The entire body is divided into the Anga, the Pratyanga and the Upaanga. The Head, the Hands, the Chest, the Waist, the Bottom, and the Legs form the Six Angas. The Shoulders, the Arms, the Stomach, the Thighs, and the Knees are the Six Pratyangas. The Sight, the Eyebrow, the Eyelids, the Eyeballs, the Cheeks, the Nose, the Gums, the Lower lip, the Teeth, the Tongue, the Chin and the Face are the twelve Upaangas.

The different Anga Lakshana or the movements of the body parts are as follows.

• Shirobhedha - Head Movement
• Greevabhedha - Neck Movement
• Drushtibhedha - Eye Movement
• Paadabhedha
• Mandala - Standing Posture
• Utplavana - Leaps
• Bhramari - Circling Movement
• Chari - Leg Movement
• Gatibhedha - Charecteristic walks and
• Hastas or Mudras - Hand Movements
• Asamyuta Hasta
• Samyuta Hasta
• Deva Hasta
• Dashavatara Hasta
• Navagraha Hasta
• Jaati Hasta
• Bandhu Hasta
• Nritta Hasta


The word Aranga means the raised stage and Etram means the climbing in Tamil. It is also called as the Rangapravesha in Kannada, where Ranga means Stage and Pravesha means Enter. This is the first public appearance of the classical Indian dancer and an occasion for the guru to present his/her disciple to the public.


The accompaniments to the Bharatanatyam comprise a singer, a mridangam player, a violin player and the Natuvanga. The other instruments such as the Veena and the flute are optional.

Steps of Performance

In the first half of the classical Indian dance of Bharatanatyam, artists generally perform the following items.

• Pushpanjali or Alaripu
• Jatiswara
• Shabda
• Varna

The Second half involves the following items.
• Padam
• Ashtapadi or Devaranama
• Tillana
• Mangala


The Pushpanjali involves the salutation to the god, the guru and the audience.


The word Alar means to bloom. It comprises of set of movements without any meaning or expression. The movements are performed for syllables set for a beat or tala.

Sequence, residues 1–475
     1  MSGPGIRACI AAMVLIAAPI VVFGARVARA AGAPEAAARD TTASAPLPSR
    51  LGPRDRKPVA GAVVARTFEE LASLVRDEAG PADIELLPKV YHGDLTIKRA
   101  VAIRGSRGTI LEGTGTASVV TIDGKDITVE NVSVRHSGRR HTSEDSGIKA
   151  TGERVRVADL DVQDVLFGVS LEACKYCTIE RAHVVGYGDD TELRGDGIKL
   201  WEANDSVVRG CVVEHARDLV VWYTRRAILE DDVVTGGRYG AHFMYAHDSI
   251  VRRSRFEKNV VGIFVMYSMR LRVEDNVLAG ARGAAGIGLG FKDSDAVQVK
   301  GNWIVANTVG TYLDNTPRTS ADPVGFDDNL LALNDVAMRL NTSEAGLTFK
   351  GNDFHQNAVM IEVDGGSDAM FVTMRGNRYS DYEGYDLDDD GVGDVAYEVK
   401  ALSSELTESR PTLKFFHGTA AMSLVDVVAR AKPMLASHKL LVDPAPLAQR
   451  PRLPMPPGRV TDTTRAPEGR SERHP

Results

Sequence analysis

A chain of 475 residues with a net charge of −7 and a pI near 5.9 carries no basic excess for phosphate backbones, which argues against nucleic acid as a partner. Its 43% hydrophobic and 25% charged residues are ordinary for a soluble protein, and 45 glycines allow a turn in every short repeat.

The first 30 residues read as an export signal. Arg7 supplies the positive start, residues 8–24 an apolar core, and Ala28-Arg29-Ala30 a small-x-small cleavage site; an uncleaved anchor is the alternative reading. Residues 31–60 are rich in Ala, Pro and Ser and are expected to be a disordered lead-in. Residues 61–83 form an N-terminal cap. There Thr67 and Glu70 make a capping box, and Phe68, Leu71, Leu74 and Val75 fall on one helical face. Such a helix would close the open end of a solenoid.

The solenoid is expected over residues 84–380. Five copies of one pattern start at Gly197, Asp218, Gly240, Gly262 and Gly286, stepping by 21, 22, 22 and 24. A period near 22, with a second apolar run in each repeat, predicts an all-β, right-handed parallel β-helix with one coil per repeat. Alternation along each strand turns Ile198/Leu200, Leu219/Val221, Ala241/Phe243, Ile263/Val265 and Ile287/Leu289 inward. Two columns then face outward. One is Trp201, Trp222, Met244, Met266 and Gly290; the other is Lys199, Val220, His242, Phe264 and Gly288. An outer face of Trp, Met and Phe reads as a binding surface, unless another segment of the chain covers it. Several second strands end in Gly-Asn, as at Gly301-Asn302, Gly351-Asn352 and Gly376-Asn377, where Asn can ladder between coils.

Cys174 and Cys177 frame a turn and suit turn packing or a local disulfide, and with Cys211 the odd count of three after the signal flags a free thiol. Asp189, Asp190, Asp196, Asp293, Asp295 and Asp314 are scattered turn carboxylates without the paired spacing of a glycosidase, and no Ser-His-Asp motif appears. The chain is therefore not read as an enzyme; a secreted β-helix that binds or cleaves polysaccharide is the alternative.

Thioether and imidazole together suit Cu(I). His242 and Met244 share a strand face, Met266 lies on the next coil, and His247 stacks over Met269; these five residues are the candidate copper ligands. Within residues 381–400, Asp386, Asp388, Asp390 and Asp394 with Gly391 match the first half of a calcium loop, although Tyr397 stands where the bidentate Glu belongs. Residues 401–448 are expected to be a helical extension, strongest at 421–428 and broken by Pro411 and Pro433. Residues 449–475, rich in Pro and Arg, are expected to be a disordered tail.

In Jatiswaram, the movements will not convey any meaning or theme. The steps are complex with amazing postures and the teermanas or the muktayas (ending of a jati).


The Shabda has both nritta and abinaya. With leisure movements and pace, this form has the theme of the lyrics as praising lord Krishna, or depicting Krishna's childhood.


The Varna item is tough and has many complex steps. It is like a benchmark to judge the talent of the dancer to perform both abinaya and nritta. The dancer requires a lot of stamina and concentration.


The Padam gives importance to the dancer's abhinaya. The theme involves the expression of divine love or the pangs of separation in love. The tempo is slow and the performance is based on a specific mood of love.


The Ashtapadi is the Sanskrit compositions of the poet Jayadeva. It is also referred as the Geetagovinda, an extremely romantic composition. It describes the love of Krishna and Radha in twelve cantos containing 24 songs. Expressions have the highest importance.


The Devaranama is a devotional piece where the lyrics are in praise of god, describing the god etc. The importance is for a pure abhinaya. These songs are the classical Indian dance compositions of great mystics like the Purandharadaasa, the Kanakadaasa, the Vijayadaasa, the Vyasaraaja to name a few.


The Tillana is usually the last item in any Bharatanatyam performance. It is full of complicated movements, postures and Muktayas or Sholkattu.


Mangala means the ending the performance with salutations to the god, the guru and the audience for making the performance a success.

Some of the famous Bharatanatyam performers are Bala Saraswathi, Mrinalini Sarabhai, Rugmini Arundel, Kamala Laxman, Padma Subrahmaniam and Chithra Visweswaran.